Sep '02 [Home]
By Degree 365:  Year One of 9/11

Feature Anthology:Points of the Circle

Point of Order

For Good, Their Occupants ~ Richard Levine | Prayer to Dead Friends ~ George Dickerson | Recovery ~ David Goldstein | I Want a Poem Out of This Living ~ Cathy McArthur | Down ~ Maureen Holm

Point-Blank | Point of Honor | Disrepair | Distance | Point Resumed

"New York, the 11th (July 26, 1788)"
(ink on paper) © 2002 Big City Lit

Civilisation is hooped together, brought
Under a rule, under a semblance of peace
By manifold illusion;  . . .

—W. B. Yeats ("Meru" 1935)

. .
For Good, Their Occupants
Richard Levine

Yesterday, we mourned two buildings;
today, and for good, their occupants.

Tonight, I want to look in candlelit
faces streaming along a common avenue
of the heart, reflecting like moonlight
crystals on every body of water

from border to border, teeming
tides of witness, glowing
with the gallant grace of stars
setting themselves alive against
shadow and gathering dark.

Moving in sequined lines
against the grim, we will begin
to recover and remember what
we will never fill with hate:
the towering absence of victims.

Cup your hands about the flame
and hold it up that we may see.
Hold it up, friend.

Yesterday, we mourned two buildings;
today, and for good, their occupants.

~ . ~

Prayer to Dead Friends
George Dickerson

Hear us, you "truant" friends!
Shelter the prayers of those deserted here,
Left to wander the dust-ghosted floors,
The cenotaphs of our emptied rooms.
We have kept the faith of shared voyages,
Only to be stranded on archipelagoes—
On shores of endless afternoons without you.

How do we replace you?—
You whose names we gulp to utter.
We cannot recover our years together—
The hiccuping laughs, the embarrassed tears,
The little mysteries of our marriages,
The easy answers for our children's fears.
We cannot go to flea markets or malls
To shop for old friends, now buried under walls
Or burnt in flame that seared our common soul.

Then bless us. Keep watch over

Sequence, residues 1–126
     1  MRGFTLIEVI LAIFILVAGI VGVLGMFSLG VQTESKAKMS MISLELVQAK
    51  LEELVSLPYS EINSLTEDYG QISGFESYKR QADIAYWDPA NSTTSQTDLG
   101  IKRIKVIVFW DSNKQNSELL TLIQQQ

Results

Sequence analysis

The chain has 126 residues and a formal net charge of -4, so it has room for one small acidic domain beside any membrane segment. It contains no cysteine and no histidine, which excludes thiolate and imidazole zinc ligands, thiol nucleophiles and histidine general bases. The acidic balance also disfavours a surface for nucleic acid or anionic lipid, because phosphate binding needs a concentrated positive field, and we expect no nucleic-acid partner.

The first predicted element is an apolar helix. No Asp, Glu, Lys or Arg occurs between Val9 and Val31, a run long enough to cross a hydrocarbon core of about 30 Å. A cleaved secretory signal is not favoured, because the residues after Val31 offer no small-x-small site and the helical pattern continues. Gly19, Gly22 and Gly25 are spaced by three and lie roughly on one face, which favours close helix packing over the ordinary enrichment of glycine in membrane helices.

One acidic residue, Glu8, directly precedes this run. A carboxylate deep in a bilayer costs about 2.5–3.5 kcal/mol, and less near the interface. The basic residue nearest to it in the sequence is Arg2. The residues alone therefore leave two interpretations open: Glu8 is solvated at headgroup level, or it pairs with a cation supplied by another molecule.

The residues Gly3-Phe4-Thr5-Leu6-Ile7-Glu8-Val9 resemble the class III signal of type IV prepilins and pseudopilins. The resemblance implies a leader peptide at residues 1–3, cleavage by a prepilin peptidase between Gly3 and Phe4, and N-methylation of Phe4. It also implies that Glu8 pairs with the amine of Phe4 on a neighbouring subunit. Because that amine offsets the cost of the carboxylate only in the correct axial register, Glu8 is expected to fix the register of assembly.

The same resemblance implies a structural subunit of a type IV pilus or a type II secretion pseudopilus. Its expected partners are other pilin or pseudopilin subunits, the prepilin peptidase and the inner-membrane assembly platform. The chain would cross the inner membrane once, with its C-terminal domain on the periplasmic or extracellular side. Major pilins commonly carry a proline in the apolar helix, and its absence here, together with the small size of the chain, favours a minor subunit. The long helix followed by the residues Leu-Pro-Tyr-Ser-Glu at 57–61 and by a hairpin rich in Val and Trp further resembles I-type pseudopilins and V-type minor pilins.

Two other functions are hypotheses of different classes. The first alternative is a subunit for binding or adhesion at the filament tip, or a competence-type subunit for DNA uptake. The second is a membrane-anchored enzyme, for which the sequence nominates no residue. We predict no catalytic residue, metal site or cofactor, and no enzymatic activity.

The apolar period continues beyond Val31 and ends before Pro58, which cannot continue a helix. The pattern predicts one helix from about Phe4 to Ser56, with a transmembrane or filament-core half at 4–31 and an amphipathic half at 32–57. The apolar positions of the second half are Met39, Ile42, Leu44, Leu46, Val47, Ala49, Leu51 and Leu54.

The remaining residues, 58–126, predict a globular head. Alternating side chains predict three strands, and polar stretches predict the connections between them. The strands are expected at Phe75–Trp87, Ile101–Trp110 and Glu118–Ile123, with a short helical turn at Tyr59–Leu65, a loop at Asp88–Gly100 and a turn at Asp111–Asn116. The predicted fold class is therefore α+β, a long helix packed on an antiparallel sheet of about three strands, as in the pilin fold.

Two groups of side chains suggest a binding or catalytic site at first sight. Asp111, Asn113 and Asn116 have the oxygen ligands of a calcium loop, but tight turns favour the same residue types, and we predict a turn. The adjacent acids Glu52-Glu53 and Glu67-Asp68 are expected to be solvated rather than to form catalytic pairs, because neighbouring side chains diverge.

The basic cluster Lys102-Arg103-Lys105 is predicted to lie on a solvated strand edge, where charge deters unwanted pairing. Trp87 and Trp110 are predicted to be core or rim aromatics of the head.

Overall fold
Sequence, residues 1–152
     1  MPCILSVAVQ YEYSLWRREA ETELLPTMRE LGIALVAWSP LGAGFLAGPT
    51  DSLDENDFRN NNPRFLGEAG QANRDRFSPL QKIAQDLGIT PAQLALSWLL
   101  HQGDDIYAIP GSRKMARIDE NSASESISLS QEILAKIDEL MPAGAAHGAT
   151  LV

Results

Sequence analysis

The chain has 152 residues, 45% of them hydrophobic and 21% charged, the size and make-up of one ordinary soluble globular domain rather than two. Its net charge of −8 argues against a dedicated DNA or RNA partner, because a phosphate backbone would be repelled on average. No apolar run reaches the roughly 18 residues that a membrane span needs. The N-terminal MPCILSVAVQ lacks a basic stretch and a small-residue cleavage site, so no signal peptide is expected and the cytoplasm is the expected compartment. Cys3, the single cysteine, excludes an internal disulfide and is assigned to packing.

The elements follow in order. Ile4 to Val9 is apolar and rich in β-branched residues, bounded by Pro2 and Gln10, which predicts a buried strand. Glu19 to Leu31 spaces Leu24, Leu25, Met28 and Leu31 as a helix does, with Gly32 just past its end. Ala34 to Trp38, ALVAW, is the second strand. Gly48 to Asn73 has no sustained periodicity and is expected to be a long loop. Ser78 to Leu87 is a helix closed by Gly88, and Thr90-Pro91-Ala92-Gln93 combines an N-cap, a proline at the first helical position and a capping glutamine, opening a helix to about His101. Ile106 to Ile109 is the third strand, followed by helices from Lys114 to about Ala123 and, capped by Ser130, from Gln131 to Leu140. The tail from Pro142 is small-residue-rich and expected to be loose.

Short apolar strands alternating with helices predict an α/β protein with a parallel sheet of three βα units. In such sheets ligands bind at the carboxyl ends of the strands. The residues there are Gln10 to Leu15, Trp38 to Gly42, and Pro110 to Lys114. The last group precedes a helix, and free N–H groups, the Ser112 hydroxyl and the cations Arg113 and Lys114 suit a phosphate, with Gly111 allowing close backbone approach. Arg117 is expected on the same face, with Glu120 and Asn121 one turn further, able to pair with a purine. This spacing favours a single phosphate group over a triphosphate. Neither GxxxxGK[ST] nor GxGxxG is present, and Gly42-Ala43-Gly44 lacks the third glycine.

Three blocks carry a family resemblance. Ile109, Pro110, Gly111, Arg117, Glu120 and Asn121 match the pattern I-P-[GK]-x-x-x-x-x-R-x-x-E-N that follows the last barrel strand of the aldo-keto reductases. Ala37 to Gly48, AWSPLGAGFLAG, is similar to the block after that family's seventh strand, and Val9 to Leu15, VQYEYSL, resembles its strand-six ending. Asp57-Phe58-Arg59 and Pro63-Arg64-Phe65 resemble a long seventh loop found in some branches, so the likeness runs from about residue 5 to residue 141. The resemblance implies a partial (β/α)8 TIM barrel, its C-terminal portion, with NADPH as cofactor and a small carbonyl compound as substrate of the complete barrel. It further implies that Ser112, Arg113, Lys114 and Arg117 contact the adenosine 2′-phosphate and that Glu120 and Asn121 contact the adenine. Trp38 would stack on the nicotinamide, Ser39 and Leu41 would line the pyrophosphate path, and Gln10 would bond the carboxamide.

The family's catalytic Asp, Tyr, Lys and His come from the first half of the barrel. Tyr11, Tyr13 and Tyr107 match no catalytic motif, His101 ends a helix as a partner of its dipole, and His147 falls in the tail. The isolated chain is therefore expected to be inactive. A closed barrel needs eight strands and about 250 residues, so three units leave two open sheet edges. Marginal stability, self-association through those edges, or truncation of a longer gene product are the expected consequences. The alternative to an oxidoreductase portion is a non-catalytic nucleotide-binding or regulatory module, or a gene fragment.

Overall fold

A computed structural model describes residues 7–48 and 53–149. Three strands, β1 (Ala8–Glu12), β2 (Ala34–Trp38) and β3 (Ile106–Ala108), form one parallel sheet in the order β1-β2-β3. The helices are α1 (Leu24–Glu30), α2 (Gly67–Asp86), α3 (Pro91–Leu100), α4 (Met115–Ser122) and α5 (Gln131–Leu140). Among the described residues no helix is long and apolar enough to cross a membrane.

The grumbled rubble of these steel-wracked days.
Use the wind to kiss our wrinkling cheeks.
Use the creak of weather to whisper, sometimes,
In the catacombs of our smoke-carved hearts,
That you understand: that we will remember.
Make a house finch peck our windows
To let us know you are somewhere… listening.
Let a chestnut fall so we can swear
Our hesitant feet are shuffling near you.

We dig and dig for a healing grace;
Fold us gently into your next embrace.

~ . ~

David Goldstein

What happened?
     Not waterfall, not bamboo grove, not cries of ice sellers.
What did you do?
     Hemorrhaged silence.
Where was the tower?
     It turned to rain and wept people.
When did help arrive?
     Nothing. I couldn't look up.
Where did you go?
      Where the missing stood.
What did you see there?
Why did you go?
     To see that.
How did you feel?
     Like nothing folded into itself.
No, how did you feel?
     Intimacy of ash.
Whom did you see?
      A line of people with bandaged fingers.
Did you know them?
     They were hyperbaric, stitched with astonishment.
Did you go to them? Did you speak?
     Each piece of knowledge is a flame seeking its martyr.
Did you go down to look?
     A belated lighter peeled back the river.
What had changed?
     Codfish still feed. Mudflies snare in the hanging linden.
     Someone's lover arrives in a dark cloud of hair.

~ . ~

I Want a Poem Out of This Living
(A David Ignatow Cento)
Cathy McArthur

I have something to tell you—
returned from my anonymous trip to the grocer;
my past is sitting in front of me, filled with itself.
There's a hole in the earth I'm afraid of;
all my life I've held books in my hands.

Are my clothes on fire? Is my hair burning?
In a dream I am lying in the mud on my back
and staring up into the sky.
How does one make a poem of this? I ask.